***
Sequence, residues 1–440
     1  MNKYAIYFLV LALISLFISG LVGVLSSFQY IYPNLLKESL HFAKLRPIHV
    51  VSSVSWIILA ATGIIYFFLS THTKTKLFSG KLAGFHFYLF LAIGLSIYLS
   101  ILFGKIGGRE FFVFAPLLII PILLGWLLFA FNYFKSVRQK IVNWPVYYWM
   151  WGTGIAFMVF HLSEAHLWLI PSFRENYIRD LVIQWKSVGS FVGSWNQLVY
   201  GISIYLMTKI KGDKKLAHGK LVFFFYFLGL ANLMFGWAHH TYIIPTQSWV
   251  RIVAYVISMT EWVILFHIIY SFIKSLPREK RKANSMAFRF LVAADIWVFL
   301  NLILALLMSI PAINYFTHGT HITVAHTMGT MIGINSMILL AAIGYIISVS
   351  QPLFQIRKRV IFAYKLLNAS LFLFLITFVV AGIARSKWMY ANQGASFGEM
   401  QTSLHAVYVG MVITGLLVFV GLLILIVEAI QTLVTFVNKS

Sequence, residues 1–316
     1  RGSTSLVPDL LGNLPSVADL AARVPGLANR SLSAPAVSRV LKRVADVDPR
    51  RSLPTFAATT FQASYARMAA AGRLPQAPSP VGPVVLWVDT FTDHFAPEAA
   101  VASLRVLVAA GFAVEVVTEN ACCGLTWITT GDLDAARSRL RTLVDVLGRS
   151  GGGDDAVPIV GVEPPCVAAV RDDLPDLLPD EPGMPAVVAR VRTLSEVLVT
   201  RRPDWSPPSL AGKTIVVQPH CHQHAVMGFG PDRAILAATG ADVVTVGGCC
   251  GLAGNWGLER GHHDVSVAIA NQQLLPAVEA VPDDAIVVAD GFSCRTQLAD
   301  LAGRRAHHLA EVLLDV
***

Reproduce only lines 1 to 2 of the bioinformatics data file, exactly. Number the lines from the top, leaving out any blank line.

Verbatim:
Sequence, residues 1–440
     1  MNKYAIYFLV LALISLFISG LVGVLSSFQY IYPNLLKESL HFAKLRPIHV